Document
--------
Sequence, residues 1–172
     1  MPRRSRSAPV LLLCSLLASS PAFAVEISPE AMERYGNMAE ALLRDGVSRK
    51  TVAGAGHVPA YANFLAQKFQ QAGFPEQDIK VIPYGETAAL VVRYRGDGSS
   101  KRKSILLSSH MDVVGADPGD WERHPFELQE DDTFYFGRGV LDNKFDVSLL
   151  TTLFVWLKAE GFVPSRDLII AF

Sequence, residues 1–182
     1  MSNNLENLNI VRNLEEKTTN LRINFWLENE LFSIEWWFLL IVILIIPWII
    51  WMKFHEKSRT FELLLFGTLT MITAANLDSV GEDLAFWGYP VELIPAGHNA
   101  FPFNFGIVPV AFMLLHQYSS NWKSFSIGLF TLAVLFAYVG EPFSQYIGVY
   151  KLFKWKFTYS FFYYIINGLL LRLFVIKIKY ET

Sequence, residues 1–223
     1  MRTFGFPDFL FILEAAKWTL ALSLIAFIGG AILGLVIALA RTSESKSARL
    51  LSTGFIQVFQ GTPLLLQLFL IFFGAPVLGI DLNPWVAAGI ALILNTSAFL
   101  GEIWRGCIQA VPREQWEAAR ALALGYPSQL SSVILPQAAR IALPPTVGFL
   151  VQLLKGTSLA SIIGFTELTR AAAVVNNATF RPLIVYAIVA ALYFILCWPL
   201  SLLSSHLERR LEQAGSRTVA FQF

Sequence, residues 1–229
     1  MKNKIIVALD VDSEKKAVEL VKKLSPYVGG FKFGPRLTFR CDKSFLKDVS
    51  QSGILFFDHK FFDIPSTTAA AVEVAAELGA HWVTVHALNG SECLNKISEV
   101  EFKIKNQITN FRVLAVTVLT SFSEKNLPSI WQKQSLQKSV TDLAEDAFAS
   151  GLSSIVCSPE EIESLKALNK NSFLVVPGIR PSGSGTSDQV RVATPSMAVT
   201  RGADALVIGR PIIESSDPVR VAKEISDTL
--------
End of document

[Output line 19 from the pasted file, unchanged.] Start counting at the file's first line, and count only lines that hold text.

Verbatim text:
    51  QSGILFFDHK FFDIPSTTAA AVEVAAELGA HWVTVHALNG SECLNKISEV